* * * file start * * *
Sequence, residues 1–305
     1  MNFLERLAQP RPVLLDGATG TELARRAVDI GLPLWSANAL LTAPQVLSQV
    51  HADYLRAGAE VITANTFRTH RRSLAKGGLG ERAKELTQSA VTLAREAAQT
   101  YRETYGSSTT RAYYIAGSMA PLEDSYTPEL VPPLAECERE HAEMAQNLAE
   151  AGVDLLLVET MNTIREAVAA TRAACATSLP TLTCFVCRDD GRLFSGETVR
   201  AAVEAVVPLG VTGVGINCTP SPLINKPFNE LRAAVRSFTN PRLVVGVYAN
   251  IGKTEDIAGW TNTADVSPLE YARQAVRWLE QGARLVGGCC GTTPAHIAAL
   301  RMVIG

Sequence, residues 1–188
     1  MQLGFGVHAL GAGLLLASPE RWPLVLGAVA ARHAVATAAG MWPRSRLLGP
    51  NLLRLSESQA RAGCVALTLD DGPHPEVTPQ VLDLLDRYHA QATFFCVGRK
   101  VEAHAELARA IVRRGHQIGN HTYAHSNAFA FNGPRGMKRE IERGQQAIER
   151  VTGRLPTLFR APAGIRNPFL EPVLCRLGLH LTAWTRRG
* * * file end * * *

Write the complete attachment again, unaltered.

Sequence, residues 1–305
     1  MNFLERLAQP RPVLLDGATG TELARRAVDI GLPLWSANAL LTAPQVLSQV
    51  HADYLRAGAE VITANTFRTH RRSLAKGGLG ERAKELTQSA VTLAREAAQT
   101  YRETYGSSTT RAYYIAGSMA PLEDSYTPEL VPPLAECERE HAEMAQNLAE
   151  AGVDLLLVET MNTIREAVAA TRAACATSLP TLTCFVCRDD GRLFSGETVR
   201  AAVEAVVPLG VTGVGINCTP SPLINKPFNE LRAAVRSFTN PRLVVGVYAN
   251  IGKTEDIAGW TNTADVSPLE YARQAVRWLE QGARLVGGCC GTTPAHIAAL
   301  RMVIG

Sequence, residues 1–188
     1  MQLGFGVHAL GAGLLLASPE RWPLVLGAVA ARHAVATAAG MWPRSRLLGP
    51  NLLRLSESQA RAGCVALTLD DGPHPEVTPQ VLDLLDRYHA QATFFCVGRK
   101  VEAHAELARA IVRRGHQIGN HTYAHSNAFA FNGPRGMKRE IERGQQAIER
   151  VTGRLPTLFR APAGIRNPFL EPVLCRLGLH LTAWTRRG